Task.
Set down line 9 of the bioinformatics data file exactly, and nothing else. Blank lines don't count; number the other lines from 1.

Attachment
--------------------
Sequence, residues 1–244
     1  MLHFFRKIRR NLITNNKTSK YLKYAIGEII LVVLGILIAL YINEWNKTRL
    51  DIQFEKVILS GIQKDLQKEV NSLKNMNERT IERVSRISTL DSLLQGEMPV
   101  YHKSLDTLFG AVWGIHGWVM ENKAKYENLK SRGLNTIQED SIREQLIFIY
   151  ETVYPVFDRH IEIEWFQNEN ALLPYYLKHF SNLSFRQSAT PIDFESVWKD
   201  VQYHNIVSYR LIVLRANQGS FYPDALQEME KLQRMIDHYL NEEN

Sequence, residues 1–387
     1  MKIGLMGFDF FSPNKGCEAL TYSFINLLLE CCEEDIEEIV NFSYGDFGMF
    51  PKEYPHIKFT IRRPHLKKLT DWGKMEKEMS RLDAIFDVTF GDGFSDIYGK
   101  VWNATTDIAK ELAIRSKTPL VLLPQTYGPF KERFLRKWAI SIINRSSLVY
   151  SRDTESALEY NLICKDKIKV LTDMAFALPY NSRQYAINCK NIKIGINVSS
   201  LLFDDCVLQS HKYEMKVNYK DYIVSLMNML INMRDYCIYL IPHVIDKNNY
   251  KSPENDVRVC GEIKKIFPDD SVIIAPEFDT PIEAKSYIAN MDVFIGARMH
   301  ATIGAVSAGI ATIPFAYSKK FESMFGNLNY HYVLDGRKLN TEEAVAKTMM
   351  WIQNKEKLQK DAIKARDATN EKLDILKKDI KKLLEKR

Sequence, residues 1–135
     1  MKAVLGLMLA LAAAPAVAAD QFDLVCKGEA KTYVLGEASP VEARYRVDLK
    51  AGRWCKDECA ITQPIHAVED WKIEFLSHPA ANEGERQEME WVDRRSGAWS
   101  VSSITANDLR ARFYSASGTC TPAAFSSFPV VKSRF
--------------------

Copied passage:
    51  PKEYPHIKFT IRRPHLKKLT DWGKMEKEMS RLDAIFDVTF GDGFSDIYGK